Virtually everything we do, at least in part, is to feed the ego. The extravagant popularity of Twitter is a perfect example. Twitter is about self-promotion, plain and simple, and it has quickly become the top social media platform featuring not just athletes, businesses, celebrities and entertainers, but a plethora of people who have no real interest in gaining “followers” other than satisfying their own sense of pomp.
Ego in the workplace can be a beautiful thing. It can help us get noticed for a promotion, or help pad our bank accounts, or boost our self-esteem. There is nothing wrong with a healthy dose of ego.
But failure happens and one of the key arenas where everyone fails is as a new parent. Becoming a new parent is tantamount to beginning a new career, one in which you have no experience, no education, no guidance, no training, and no idea where to begin. As a new parent, it is easy to feel like you’re failing but as an egomaniac, it is difficult to stomach.
No one can destroy the vainglorious exterior of an egomaniac quicker than a baby. Babies are unpredictable. When your baby erupts in a fit of spontaneous screaming at 3a and you go down the “what the hell is wrong with him now” checklist and after everything has been taken care of, he is still crying, your ego will be crying with him. There is no better example of a truly humbling moment than trying to console and inconsolable newborn.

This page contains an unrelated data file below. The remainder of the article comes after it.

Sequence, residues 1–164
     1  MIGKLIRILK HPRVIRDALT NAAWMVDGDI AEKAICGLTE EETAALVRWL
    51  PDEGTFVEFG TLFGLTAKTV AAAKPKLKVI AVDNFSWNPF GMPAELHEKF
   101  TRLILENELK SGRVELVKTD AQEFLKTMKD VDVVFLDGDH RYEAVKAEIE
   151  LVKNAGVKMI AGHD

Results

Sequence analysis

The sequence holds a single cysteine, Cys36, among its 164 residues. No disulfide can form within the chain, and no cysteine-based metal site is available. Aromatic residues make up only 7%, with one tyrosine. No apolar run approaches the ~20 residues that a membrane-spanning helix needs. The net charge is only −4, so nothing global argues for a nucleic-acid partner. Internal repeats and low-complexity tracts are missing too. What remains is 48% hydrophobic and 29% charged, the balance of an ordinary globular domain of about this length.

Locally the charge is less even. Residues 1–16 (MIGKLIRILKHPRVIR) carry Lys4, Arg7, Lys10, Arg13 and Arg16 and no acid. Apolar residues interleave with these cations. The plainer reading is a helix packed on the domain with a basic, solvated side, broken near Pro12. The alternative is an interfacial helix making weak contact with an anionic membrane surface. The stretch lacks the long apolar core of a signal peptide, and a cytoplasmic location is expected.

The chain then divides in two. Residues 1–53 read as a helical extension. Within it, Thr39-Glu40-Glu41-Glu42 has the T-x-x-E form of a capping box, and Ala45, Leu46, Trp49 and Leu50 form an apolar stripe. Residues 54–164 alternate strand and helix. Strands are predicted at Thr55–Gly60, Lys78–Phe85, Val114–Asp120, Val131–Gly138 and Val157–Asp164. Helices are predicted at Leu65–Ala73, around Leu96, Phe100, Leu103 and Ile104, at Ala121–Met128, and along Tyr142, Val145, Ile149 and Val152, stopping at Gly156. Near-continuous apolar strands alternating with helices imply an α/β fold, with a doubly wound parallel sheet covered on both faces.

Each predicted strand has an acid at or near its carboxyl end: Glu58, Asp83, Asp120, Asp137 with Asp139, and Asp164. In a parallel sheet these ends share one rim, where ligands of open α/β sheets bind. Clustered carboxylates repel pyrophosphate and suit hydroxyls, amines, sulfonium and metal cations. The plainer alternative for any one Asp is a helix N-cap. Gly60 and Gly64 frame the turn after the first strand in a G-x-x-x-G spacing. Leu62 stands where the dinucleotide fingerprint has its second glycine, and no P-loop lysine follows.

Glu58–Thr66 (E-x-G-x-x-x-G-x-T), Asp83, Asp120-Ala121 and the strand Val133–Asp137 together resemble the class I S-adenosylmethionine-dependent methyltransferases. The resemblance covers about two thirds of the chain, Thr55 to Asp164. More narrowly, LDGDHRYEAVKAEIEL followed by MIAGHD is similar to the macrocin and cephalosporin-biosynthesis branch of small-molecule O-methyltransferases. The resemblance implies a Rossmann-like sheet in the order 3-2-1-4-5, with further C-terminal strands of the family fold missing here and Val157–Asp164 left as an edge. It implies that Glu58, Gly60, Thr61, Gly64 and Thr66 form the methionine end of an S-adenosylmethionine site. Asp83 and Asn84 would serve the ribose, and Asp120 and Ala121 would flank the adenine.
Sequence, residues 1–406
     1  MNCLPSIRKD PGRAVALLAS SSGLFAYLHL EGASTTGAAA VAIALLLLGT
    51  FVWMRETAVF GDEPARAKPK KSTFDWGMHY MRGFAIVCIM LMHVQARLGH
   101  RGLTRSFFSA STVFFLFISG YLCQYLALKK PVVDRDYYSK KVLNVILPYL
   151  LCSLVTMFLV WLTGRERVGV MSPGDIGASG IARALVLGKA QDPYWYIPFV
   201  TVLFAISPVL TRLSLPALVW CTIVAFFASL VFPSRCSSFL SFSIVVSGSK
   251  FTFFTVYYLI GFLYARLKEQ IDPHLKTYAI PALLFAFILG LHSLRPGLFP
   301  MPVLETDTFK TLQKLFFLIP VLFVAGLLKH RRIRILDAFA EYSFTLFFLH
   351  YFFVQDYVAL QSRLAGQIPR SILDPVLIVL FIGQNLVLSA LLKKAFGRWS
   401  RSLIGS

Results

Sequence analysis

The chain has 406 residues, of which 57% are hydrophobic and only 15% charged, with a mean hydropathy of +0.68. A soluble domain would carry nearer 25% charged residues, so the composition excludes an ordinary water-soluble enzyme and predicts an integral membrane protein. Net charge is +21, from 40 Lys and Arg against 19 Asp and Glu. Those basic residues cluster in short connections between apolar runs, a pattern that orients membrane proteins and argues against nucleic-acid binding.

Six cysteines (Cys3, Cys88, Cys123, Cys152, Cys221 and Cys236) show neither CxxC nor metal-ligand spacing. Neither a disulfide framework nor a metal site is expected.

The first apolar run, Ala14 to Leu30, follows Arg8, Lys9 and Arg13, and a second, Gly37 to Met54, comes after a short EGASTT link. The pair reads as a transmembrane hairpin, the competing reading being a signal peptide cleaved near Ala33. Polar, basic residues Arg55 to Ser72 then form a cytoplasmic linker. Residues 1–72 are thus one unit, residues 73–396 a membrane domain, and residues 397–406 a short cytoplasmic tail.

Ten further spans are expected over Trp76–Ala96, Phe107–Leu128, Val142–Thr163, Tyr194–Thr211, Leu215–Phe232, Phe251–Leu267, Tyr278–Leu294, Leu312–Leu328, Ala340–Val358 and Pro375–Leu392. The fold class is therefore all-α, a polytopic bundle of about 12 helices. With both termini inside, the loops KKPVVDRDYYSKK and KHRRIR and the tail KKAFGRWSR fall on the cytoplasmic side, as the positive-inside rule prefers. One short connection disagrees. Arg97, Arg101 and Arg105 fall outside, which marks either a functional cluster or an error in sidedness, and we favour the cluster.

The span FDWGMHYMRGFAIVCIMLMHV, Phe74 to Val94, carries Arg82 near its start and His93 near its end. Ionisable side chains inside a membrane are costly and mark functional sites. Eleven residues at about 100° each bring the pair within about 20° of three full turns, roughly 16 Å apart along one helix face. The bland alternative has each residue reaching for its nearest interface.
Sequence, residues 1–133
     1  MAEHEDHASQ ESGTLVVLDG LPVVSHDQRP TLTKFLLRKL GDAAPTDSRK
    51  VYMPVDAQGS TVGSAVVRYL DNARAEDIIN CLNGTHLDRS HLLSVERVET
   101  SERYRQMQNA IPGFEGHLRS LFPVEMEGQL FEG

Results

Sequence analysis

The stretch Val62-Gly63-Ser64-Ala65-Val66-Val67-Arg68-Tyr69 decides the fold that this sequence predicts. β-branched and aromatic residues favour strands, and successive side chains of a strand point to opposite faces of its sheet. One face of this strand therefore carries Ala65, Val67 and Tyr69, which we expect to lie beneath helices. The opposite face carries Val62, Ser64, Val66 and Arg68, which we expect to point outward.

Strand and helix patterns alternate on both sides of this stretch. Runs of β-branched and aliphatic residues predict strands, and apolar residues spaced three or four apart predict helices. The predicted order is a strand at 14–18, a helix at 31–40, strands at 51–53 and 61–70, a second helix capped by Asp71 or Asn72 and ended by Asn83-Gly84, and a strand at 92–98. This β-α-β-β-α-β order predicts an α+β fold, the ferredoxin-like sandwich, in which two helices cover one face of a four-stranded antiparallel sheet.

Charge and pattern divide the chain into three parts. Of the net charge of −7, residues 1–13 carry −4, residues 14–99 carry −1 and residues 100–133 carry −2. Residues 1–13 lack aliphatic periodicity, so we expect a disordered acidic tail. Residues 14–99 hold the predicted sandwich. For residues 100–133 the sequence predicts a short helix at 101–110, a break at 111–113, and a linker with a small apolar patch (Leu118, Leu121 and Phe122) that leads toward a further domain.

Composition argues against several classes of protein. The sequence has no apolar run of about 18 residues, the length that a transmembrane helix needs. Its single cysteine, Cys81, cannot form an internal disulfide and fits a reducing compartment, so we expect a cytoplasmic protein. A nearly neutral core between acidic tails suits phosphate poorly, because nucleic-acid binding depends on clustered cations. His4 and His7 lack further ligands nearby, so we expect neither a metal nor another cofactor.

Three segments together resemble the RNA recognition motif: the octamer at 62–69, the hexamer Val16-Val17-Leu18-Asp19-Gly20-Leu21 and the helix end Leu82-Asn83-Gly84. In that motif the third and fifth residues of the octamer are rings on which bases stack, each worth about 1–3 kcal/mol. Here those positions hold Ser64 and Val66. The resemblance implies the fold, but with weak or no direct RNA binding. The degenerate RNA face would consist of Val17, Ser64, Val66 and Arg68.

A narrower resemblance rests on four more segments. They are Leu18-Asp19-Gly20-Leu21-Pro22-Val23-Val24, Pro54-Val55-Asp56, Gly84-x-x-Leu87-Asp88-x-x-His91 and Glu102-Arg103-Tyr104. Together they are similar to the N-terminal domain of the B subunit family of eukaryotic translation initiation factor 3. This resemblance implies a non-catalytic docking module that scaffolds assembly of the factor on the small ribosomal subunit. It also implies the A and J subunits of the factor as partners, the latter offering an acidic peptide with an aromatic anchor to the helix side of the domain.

There is no room for ego as a new parent. No matter how much literature you read, who you talk to, or what you’ve experienced in your adult life, nothing will adequately prepare you for a newborn. Fellow egomaniacs, bear in mind that I offer no assurance that everything will be alright!
Admittedly, it sucks to be ill prepared. It is detestable when you are not set up for success. As I’ve struggled through the early months of parenthood, I’ve learned to put my ego aside and learn from my own baby, since no one else is sufficiently able to tell me how to care for my own kid.
Babies are unique, just like everyone else. Accepting that you are a novice and a simpleton is the first step towards solving your own little Rubik’s Cube of comfortless fleshy tissue. I’ve never claimed to be a good parent, or for that matter, even an adequate one.
I am an egomaniacal adult who’s succeeded collegiately, professionally, and personally. I’ve fallen from the ego tree and hit every branch of humility on the way down. Up there somewhere, my baby is staring down at me…and he’s probably crying for no reason.